According to this article, "we know that large-scale progress, in both getting children into school and learning, is possible." It being Stanford, a certain amount of scepticism is warranted (83 page PDF). The 'secret sauce' is actually a combination of "14 core ingredients that appear to contribute to scaling quality learning, with the right combination depending on the context," grouped into four areas:
- Design - "develop programs and policies that students, parents, or teachers actually want—not ones that governments, practitioners, or funders think they need
- Delivery - "not new gadgets to replace teachers, but tools to help overcome a specific barrier, such as poor roads or a lack of reading materials."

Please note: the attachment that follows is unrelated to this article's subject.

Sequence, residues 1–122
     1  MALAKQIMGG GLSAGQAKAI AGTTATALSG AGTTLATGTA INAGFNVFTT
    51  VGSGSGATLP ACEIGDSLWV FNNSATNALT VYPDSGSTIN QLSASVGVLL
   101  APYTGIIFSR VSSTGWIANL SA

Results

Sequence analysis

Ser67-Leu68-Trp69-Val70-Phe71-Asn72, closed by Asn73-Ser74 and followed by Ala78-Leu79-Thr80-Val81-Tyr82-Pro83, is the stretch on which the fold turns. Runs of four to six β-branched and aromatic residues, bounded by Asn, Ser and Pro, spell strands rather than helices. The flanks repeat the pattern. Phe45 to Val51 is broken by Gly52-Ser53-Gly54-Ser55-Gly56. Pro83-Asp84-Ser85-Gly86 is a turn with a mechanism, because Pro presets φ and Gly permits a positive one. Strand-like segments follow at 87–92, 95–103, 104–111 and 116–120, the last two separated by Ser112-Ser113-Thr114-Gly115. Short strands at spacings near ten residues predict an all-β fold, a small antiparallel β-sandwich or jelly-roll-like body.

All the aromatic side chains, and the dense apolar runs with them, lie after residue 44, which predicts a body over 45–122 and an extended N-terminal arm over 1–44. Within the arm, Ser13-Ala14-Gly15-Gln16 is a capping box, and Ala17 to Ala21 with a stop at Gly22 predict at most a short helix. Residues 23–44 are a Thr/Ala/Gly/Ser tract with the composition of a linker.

- Finance - "stability, flexibility, and predictability in financing are critical for scale that leads to lasting changes in children’s learning."
- An enabling environment - "government must accept responsibility for ensuring a quality education for all, reaching out to a range of partners, and considering new ways of improving learning."
It's hard to disagree with any of these points, but the difficulty is always in the details. How do you determine what learners actually want? How do you deal with the scale of delivery problems? What are the mechanisms for stable finance? How do you convince increasingly reluctant governments to take responsibility for education?
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